for Postsecondary Students
Frequently Asked Questions
What is self-determination?
Many researchers have defined the concept of self-determination.
This Web topic will use the definition developed by Martin and Huber
Marshall (1995). They define self-determination as consisting of
- Self-awareness is the ability to
identify and understand one’s needs, interests, strengths,
limitations, and values.
- Self-advocacy refers to the ability
to express one’s needs, wants, and rights in an assertive
- Self-efficacy is commonly referred
to as self-confidence—the belief that one will attain a
- Decision-making is the complex skill
of setting goals, planning actions, identifying information to
make decisions, and choosing the best option to reach one’s
- Independent performance is the ability
to start and complete tasks through self-management strategies.
- Self-evaluation includes the ability
to self-assess performance and determine when a goal or task has
been satisfactorily completed.
- Adjustment is the process of revising
one’s goals and plans to improve performance or success.
Why is self-determination important for students with disabilities
in postsecondary education?
Self-determination is a critical skill for success of students
with disabilities in postsecondary education, because after high
school graduation they are no longer entitled to the services detailed
in the Individuals with Disabilities Education Act of 2004. In the
postsecondary setting, people with disabilities must disclose and
describe their need for accommodations to the Office of Disability
Services, which determines their eligibility for those accommodations.
Students with disabilities may need to advocate for accommodations
that are not readily offered. They may also need to explain their
accommodations to others, such as professors or roommates.
The elements of self-determination described above are key to
achieving goals. A student in a postsecondary setting must believe
that he or she can be successful, make decisions, act independently,
evaluate and modify performance in various situations as necessary,
and adjust goals and plans to improve performance or success.
What is the relationship between self-determination and locus
A critical factor related to self-determination is locus of control.
Locus of control relates to the location—either external or
internal—in which one places responsibility for events. When
people operate with an external locus of control, they perceive
limited control over what happens to them and believe that outside
sources are responsible for the outcomes they experience. They do
not see themselves as causal agents, but rather as passive recipients
in the events of their lives. In other words, chance, fate, luck,
and the actions of others—which are forces beyond their control—are
perceived as the causal factors in their life experiences, rather
than their own actions.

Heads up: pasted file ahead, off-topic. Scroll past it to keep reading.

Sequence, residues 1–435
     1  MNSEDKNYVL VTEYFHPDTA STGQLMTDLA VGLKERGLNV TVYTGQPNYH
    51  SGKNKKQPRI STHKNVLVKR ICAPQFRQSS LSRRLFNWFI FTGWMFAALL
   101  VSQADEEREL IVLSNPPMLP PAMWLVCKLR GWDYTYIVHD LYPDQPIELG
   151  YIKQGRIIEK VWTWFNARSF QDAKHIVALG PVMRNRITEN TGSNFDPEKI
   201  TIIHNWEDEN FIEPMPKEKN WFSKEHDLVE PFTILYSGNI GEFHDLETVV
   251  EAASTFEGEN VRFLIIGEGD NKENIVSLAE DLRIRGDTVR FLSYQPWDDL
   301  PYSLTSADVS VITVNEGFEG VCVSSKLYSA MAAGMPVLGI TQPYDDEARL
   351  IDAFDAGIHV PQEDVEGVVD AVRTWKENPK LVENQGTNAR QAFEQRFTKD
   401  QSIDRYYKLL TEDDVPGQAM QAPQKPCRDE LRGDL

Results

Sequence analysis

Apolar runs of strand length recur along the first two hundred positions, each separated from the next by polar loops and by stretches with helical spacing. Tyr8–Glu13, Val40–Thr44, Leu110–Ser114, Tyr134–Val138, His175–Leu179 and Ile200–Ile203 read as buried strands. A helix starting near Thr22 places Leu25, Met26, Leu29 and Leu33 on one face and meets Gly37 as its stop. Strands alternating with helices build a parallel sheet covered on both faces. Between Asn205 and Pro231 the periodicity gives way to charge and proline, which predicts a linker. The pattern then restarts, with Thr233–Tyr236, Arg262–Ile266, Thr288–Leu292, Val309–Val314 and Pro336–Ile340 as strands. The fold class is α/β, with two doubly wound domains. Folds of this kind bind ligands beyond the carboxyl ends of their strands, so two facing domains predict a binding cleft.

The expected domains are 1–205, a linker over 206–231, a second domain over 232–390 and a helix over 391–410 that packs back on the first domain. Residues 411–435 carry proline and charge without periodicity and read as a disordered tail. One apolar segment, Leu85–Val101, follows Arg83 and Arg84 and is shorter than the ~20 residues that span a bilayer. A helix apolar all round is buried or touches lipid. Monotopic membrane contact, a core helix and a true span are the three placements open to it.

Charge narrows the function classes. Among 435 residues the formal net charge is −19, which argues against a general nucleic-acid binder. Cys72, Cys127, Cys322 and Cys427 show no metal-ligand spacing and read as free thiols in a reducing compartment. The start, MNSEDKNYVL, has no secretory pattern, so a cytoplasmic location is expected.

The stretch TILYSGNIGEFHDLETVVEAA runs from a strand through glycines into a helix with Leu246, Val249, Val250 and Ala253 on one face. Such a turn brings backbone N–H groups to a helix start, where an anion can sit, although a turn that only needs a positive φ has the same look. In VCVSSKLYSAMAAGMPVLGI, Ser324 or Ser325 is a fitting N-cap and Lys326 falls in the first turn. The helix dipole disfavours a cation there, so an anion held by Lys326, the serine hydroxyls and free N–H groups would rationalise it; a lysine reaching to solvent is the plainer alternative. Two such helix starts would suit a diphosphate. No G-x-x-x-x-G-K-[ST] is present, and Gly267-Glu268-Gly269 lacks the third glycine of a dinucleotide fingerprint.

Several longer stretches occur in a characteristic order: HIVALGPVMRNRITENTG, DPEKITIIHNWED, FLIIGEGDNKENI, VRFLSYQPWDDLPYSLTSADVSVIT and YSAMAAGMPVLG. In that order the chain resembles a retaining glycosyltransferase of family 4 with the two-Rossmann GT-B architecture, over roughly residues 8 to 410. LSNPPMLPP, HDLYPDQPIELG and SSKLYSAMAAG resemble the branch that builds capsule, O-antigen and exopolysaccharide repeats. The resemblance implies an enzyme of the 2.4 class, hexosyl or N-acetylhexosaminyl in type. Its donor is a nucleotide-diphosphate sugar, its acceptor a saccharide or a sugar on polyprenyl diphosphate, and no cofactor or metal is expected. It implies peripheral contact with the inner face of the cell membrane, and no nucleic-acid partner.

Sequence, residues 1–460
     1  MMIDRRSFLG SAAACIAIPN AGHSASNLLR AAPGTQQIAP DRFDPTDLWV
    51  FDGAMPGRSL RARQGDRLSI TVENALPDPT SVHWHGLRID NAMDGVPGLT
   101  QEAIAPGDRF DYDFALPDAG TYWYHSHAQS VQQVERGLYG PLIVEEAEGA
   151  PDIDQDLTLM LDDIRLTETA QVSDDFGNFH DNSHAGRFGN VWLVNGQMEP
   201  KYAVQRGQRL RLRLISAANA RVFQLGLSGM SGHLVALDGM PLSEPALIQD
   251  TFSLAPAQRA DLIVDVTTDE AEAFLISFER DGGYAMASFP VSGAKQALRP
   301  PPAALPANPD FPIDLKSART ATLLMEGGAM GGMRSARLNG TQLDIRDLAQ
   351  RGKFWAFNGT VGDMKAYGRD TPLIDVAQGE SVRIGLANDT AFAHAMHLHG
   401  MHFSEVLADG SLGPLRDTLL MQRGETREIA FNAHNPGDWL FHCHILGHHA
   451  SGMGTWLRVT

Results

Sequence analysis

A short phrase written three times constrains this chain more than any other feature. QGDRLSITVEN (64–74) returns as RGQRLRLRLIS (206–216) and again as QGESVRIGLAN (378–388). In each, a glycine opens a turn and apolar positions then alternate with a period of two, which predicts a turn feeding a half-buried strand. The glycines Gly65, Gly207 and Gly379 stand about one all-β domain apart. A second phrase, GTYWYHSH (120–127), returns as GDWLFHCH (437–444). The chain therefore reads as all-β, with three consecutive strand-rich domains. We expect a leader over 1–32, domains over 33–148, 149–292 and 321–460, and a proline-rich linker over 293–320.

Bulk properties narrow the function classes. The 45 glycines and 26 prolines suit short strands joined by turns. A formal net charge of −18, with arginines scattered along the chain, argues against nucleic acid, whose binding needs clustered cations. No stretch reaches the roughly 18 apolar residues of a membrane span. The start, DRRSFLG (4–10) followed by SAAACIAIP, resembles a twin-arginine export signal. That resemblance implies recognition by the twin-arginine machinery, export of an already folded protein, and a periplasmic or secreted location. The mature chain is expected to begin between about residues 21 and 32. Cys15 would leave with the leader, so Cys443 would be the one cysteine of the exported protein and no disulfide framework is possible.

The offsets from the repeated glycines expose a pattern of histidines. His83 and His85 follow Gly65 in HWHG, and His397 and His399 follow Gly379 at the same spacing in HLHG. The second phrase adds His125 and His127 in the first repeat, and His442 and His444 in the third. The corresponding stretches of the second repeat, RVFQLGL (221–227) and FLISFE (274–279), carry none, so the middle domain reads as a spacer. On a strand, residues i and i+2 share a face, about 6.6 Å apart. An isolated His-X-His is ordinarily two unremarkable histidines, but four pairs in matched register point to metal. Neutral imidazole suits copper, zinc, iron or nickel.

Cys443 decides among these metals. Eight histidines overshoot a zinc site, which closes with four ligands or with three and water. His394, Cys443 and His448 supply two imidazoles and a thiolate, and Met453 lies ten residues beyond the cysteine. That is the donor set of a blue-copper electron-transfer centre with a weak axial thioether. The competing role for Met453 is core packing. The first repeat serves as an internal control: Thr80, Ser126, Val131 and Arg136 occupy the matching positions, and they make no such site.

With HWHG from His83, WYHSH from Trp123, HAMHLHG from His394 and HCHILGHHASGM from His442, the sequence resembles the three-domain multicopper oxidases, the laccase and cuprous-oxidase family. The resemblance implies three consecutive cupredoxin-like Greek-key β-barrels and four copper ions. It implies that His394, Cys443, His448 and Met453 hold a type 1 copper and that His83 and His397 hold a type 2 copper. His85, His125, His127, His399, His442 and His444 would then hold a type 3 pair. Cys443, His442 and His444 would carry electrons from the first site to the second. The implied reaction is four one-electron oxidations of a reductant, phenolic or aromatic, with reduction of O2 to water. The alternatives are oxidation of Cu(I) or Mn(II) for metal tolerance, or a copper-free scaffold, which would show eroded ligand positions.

When individuals operate with an internal locus of control, they
feel they have control over what happens to them, and they can readily
see the relationship between their actions and the outcomes. They
assume the role of causal agent in their own lives, rather than
that of a passive recipient of the actions of others.
Internal locus of control is a necessary foundation for developing
self-determination skills. People with a strong sense of internal
locus of control can reflect on their strengths, limitations, and
needs (self-awareness), learn to assert their needs and rights (self-advocacy),
develop goals, and make decisions. They develop an awareness of
outside forces and internal fears, both barriers to their goals
that may limit success. With this awareness, they can take the necessary
steps to minimize or eliminate these barriers.
What can educators and parents do to encourage self-determination
among secondary school students?
Izzo and Lamb (2002) offer eight suggestions to shift the focus
of education from fostering dependence to encouraging self-determined
independence that results in positive postschool outcomes for students
- Empower parents as partners in promoting self-determination
and career development skills.
- Facilitate student-centered IEP meetings and self-directed learning
- Increase students’ awareness of their disabilities and
- Offer credit-bearing classes in self-determination and careers.
- Teach and reinforce students to develop an internal locus of
- Teach and promote self-advocacy skills and support student application
of those skills.
- Infuse self-determination and career development skills into
the general education curriculum.
- Develop and implement work-based learning programs for all students.
What can students with disabilities in postsecondary settings
do to increase self-determination skills?
Students with disabilities can work with both college disabilities
counselors and vocational rehabilitation counselors to develop a
plan to increase their self-determination skills. Frequently, community
colleges offer freshmen career-planning classes. These classes can
help students develop the independent-learning skills and personal
responsibility that are necessary for success in postsecondary education.
Students with disabilities who work with counselors to resolve difficulties
in learning or increase school success can renew a positive outlook
and create a vision for success. Personal counselors can also help
students develop realistic goals and action plans for a more successful
Students with disabilities who are contemplating higher education
should also participate in their IEP planning meetings, making their
needs and preferences heard, and practicing good communication and
problem-solving skills with the adults on their team.
Other pages on this topic:
^ Top of Page ^